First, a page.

Study guides

☆☆

Q: Find 4 rectangles with same area with different perimeter?

Write your answer...

Submit

Still have questions?

Related questions

There is no relationship between the perimeter and area of a rectangle. Knowing the perimeter, it's not possible to find the area. If you pick a number for the perimeter, there are an infinite number of rectangles with different areas that all have that perimeter. Knowing the area, it's not possible to find the perimeter. If you pick a number for the area, there are an infinite number of rectangles with different perimeters that all have that area.

Not enough data. Different rectangles (different length:width ratios) can have the same area, but different perimeters.

no

There is no standard relationship between perimeter and area. For example, you can have two rectangles that have the same perimeter, but different area.

Infinite amounts.

That depends on the rectangle! You can have different rectangles with the same area, but with different perimeters.

they dont

The perimeter for a certain area varies, depending on the figure. For example, a circle, different ellipses, a square, different rectangles, and different shapes of triangles, all have different perimeters or circumferences, for the same area.The perimeter for a certain area varies, depending on the figure. For example, a circle, different ellipses, a square, different rectangles, and different shapes of triangles, all have different perimeters or circumferences, for the same area.The perimeter for a certain area varies, depending on the figure. For example, a circle, different ellipses, a square, different rectangles, and different shapes of triangles, all have different perimeters or circumferences, for the same area.The perimeter for a certain area varies, depending on the figure. For example, a circle, different ellipses, a square, different rectangles, and different shapes of triangles, all have different perimeters or circumferences, for the same area.

This browser is hopeless for drawing but consider the following two rectangles: a*b and (a+1)*(b-1). Their perimeter will be 2a+2b but unless a = b-1, their area will be different.

area = 144 square units perimeter = 48 units

It's very easy for two rectangles to have the same area and different perimeters,or the same perimeter and different areas. In either case, it would be obvious toyou when you see them that there's something different about them, and theywould not fit one on top of the other.But if two rectangles have the same area and the same perimeter, then to look at themyou'd swear that they're the same rectangle, and one could be laid down on the otherand fit exactly.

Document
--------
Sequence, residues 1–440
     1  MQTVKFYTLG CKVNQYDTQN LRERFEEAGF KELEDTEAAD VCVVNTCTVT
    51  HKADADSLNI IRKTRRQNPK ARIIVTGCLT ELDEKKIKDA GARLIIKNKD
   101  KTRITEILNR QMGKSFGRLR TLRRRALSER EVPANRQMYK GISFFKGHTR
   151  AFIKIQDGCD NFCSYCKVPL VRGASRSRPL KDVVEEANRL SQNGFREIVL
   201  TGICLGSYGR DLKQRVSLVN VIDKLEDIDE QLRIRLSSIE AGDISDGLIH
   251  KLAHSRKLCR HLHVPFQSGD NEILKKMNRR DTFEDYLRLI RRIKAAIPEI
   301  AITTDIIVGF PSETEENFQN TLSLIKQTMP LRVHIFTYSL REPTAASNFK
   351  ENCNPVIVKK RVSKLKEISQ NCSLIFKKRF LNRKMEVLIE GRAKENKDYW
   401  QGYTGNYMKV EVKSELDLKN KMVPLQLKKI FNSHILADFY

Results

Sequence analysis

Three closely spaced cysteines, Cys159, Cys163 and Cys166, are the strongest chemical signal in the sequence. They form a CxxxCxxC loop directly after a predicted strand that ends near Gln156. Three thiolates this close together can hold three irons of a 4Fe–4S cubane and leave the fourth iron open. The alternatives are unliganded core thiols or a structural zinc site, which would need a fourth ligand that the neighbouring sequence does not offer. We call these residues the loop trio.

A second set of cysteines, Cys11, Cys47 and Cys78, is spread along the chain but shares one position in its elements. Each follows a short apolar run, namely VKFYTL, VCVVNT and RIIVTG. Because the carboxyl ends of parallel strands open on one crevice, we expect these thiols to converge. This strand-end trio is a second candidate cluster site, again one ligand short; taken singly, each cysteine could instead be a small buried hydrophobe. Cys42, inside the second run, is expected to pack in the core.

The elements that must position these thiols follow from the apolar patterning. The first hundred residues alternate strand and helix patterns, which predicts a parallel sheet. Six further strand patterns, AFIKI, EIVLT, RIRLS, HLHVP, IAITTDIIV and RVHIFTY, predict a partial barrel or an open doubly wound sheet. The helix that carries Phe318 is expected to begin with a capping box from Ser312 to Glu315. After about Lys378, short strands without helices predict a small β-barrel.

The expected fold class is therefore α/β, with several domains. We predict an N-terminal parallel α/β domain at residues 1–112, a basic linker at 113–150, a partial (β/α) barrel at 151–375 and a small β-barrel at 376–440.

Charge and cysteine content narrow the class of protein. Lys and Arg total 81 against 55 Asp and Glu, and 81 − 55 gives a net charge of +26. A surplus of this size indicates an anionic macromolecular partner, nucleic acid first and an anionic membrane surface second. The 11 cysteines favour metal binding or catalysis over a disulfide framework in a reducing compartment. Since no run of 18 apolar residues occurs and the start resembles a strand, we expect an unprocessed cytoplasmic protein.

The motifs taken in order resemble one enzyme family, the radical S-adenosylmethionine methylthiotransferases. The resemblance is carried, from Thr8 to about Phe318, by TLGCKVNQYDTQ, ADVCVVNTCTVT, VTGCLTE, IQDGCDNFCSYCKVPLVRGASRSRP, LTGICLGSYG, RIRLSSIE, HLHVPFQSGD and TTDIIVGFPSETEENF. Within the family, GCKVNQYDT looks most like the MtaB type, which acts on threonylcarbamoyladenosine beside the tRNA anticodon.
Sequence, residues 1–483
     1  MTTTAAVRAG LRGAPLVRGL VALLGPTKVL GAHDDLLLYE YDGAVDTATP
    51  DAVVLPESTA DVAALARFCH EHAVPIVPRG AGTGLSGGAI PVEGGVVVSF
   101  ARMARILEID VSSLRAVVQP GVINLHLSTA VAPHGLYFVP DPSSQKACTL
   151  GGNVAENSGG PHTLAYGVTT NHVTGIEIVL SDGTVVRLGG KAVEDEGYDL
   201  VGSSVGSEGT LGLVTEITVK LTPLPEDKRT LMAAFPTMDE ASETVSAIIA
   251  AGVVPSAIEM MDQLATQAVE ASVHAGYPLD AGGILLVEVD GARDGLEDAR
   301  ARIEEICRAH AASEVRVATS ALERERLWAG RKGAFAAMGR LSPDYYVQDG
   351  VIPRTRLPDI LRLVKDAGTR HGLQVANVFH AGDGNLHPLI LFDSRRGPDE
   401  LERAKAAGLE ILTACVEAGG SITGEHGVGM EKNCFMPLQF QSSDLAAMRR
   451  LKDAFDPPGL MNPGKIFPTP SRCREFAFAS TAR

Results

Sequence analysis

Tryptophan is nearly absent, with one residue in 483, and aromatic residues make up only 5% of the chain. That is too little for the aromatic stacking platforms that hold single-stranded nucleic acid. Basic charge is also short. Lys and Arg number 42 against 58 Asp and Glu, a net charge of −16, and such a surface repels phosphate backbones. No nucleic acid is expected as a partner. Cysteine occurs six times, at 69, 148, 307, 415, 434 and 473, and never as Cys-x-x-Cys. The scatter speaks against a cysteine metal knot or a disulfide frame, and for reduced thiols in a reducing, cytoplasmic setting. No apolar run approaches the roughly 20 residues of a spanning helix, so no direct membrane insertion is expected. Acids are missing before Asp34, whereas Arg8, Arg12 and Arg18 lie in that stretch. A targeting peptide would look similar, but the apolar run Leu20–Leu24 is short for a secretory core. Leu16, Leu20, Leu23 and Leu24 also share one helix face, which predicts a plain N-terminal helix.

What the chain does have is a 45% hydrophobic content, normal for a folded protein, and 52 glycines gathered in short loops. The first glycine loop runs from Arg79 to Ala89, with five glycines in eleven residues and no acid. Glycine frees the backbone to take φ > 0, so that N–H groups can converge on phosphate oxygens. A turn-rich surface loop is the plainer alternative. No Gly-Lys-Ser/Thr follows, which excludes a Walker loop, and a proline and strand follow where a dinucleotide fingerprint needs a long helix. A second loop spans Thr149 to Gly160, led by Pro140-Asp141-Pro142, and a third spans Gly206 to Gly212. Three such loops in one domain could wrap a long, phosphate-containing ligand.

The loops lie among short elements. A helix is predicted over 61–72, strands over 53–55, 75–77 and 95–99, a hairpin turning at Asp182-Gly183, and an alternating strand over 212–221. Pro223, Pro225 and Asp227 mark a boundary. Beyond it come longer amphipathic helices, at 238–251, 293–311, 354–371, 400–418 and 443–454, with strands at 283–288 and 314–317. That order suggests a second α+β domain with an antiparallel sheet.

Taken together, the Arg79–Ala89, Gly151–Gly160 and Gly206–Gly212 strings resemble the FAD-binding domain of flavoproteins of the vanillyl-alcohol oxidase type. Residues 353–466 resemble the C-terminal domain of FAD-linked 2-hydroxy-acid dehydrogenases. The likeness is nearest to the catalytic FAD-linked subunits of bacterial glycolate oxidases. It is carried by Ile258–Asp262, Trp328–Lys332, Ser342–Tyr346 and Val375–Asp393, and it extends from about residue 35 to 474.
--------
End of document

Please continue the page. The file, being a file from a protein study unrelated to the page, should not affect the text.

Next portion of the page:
thare is only 1 differint rectangles

Yes, it can because a 3 by 6 rectangle has the perimeter of 18 and has the area of 18! :)

Yes. Say there are two rectangles, both with perimeter of 20. One of the rectangles is a 2 by 8 rectangle. The area of this rectangle is 2 x 8 which is 16. The other rectangle is a 4 by 6 rectangle. It has an area of 4 x 6 which is 24.

Perimeter: add all sides area: multiply length times width for rectangles

You would have to know what kind of figure you are talking about. For the same perimeter, you can have a different surface area, depending on whether you have a circle, a square, different kinds of rectangles, etc.

12

The area doesn't tell you the dimensions or the perimeter. It doesn't even tell you the shape. -- Your area of 36 cm2 could be a circle with a diameter of 6.77 . (Perimeter = 21.27.) -- It could be a square with sides of 6 . (Perimeter = 24.) -- It could be rectangles that measure 1 by 36 (Perimeter = 74) 2 by 18 (Perimeter = 40) 3 by 12 (Perimeter = 30) 4 by 9 (Perimeter = 26). There are an infinite number of more rectangles that it could be, all with the same area but different perimeters.

No, it is not. I'll give you two examples of a rectangle with a perimeter of 1. The first rectangle has dimensions of 1/4x1/4. The area is 1/16. The second rectangle has dimensions of 3/8x1/8. The area is 3/64. You can clearly see that these two rectangles have the same perimeter, yet the area is different.

The perimeter, for a given area, varies depending on the shape. It is different, for example, for a circle, for a square, and for rectangles of different length/width ratio.

330سم

Not necessarily. Let's say that there is a circle with the area of 10. Now there is a star with the area of 10. They do not have the same perimeter, do they? That still applies with rectangles. There might be a very long skinny rectangle and a square next to each other with the same area, but that does not mean that they have the same perimeter. Now if the rectangles are congruent then yes.

That depends on the exact form of the block - whether it is square, or different forms of rectangles. The perimeter to area ratio is not the same for all shapes.

A rectangle cannot really have the same area and perimeter because an area is a 2-dimensional concept while a perimeter is 1-dimensional.However, you can have rectangles such that the numericalvalue of their area and perimeter are the same.Take any number x > 2 and let y = 2x/(x-2)Then a rectangle with sides of x and y has an area and perimeter whose value is 2x2/(x-2)

If the sides are in cm, then you would multiply the length of the shape by the width, which equals area. And area is in the unit of the sides but squared. So in this example it would be cm2. ========================================= The answer to the question is: You can't. The perimeter doesn't tell you what the area is. You can have two different drawings with the same perimeter and different areas, or with the same area and different perimeters. Even if they're both triangles, or both rectangles, etc. You can't take perimeter and 'work out' area from it.